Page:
Rice Terrace at Tegallalang
The rice fields terrace are almost works of art. The fields are various shades of green and are extremely well maintained. The coconut trees still give an extra charm. Be sure to walk through the rice fields to explore close its distinctive architecture. After the tour, relax in one of the many cafes overlooking the rice fields. It may be a good opportunity to experience the famous Balinese coffee Kopi Luwak, regarded as the most expensive coffee in the world. Read more..
Monkey Forest Sanctuary Ubud
The shady, green Ubud Monkey Forest is the most popular stop for tourists in the town of Ubud itself. This cool and dense swath of jungle, officially called Mandala Wisata Wanara Wana, houses three holy temples. Hundreds of playful and interactive Macaque monkeys call the sacred forest home and roam freely around the tree canopy and temple complex. The steady stream of tourists has made the monkeys bold enough to even reach into pockets in search of something interesting! Read more..
Bali Safari and Marine Park
Enjoy the best safari experience in Bali at the home of hundreds of amazing animals representing over 60 species including the Komodo, Orang Utan, and the Bali Mynah. You can choose to enjoy your safari journey from the elephant back with our Elephant Back Safari, interact with your favorite animal up close at the Animal Encounter space, experience the wildest fine dining moment surrounded by lions, meerkats, and porcupines at the Tsavo Lion restaurant, and unwind with the spectacular show of Bali Agung at their state of art theater in the park, Bali Theater or make your own big splash at Water Park and Fun Zone.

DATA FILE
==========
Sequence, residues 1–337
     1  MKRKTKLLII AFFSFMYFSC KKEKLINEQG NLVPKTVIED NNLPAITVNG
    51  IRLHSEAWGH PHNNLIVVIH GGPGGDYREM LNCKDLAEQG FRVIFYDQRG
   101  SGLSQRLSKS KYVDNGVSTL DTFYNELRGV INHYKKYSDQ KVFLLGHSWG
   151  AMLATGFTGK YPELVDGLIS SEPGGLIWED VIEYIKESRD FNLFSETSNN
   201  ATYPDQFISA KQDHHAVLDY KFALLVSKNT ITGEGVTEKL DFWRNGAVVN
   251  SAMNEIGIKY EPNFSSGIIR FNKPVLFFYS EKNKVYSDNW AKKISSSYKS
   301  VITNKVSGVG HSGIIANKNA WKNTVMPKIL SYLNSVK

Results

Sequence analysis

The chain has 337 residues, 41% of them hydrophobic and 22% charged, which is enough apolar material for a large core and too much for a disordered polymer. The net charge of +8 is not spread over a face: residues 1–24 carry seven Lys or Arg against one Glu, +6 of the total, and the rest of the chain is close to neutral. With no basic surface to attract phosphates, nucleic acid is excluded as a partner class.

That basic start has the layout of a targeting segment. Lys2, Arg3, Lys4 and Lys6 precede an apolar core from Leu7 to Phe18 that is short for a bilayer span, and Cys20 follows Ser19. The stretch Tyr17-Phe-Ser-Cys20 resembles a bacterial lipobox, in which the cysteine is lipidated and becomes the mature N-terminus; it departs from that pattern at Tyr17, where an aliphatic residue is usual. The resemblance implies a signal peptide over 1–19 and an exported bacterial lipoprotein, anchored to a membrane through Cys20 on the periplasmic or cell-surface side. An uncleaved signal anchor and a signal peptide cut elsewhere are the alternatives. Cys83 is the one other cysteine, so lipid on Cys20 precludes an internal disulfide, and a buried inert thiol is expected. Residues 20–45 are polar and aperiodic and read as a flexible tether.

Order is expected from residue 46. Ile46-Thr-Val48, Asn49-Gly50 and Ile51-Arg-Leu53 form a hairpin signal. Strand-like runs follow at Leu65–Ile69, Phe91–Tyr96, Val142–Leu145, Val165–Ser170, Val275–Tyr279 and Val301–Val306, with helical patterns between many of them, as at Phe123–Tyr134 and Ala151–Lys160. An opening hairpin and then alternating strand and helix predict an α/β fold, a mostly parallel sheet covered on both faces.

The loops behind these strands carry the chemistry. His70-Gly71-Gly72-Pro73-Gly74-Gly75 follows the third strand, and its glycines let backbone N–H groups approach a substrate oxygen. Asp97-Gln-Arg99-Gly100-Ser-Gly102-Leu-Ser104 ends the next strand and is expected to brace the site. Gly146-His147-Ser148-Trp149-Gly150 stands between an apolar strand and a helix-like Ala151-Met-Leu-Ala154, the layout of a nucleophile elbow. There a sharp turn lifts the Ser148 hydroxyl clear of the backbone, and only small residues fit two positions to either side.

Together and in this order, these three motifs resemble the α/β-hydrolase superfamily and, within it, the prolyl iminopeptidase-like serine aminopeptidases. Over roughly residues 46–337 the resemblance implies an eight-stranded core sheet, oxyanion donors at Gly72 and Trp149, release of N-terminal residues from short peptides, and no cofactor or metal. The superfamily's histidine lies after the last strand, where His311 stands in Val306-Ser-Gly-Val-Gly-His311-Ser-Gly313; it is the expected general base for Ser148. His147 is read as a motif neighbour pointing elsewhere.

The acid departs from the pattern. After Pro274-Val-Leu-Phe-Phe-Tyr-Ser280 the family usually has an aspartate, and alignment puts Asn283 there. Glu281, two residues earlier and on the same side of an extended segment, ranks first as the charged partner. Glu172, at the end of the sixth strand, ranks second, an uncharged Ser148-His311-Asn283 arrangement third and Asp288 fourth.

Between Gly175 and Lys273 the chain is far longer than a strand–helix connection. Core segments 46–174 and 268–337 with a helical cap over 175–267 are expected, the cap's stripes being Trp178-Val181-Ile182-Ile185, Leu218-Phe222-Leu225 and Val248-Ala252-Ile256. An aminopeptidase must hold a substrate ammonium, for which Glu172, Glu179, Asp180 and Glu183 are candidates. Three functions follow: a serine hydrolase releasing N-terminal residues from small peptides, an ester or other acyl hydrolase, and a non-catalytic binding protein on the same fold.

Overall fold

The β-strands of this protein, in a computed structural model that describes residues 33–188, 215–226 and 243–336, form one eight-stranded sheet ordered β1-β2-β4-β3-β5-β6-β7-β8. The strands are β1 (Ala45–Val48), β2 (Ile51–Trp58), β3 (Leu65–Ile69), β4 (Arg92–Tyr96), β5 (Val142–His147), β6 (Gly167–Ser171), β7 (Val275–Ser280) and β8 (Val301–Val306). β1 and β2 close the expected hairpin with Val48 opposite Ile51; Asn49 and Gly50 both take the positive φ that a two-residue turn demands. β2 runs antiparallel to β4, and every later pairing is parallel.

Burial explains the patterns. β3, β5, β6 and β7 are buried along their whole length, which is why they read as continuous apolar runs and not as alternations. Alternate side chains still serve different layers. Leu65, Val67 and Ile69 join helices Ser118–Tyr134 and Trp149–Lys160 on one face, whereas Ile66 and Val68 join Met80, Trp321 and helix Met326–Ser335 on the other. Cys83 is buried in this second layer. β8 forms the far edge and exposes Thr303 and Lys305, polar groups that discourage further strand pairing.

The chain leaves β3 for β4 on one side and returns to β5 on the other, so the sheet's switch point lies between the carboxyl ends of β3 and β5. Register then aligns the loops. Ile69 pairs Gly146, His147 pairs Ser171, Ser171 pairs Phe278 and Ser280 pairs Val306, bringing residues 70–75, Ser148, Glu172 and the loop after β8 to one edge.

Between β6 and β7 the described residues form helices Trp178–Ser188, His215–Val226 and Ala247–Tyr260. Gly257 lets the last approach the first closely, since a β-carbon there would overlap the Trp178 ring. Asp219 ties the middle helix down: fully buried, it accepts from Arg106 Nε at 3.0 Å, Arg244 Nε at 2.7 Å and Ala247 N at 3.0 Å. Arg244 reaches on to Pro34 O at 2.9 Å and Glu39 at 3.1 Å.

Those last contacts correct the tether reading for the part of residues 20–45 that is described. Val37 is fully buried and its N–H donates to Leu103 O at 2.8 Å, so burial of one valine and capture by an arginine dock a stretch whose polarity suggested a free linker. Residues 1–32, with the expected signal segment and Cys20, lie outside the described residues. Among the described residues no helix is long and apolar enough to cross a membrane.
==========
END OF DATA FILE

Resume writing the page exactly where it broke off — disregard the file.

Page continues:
Bali Bird Park
is a zoo with over a thousand birds from more than 200 species mostly endemic to Indonesia. Visitors are encouraged to get up close and personal with park “residents”, who live in enclosures that closely resemble their natural habitats. The park’s layout is designed to recreate a walk-through of the Indonesian islands (with a detour through other parts of the world).
Elephant Safari Park at Taro
For this once-in-a-lifetime experience, head to the Elephant Safari Park in Ubud. While you won’t see them in their true natural state, you’ll be impressed by their friendly demeanor and extraordinary talents. The park’s facilities include a trail for the elephants to give rides, a restaurant, a research laboratory, a small botanical garden, and a lodge for overnight guests. The park is home to about 30 Sumantra elephants.
A visit to an art museum is probably not what most people associate with a trip to Bali, but Bali has a unique painting tradition. Within the last couple of years, paintings from some of the most well-known painters from Bali has reached prices well above 2.000.000$ on auctions. On top of that, Bali’s has some world class art museums, so whether you are a true art aficionado or just enjoy walking through a museum discovering new artists you should consider adding a visit to one of Bali’s art museums to your Bali itinerary.
Blanco The Reanaissance Museum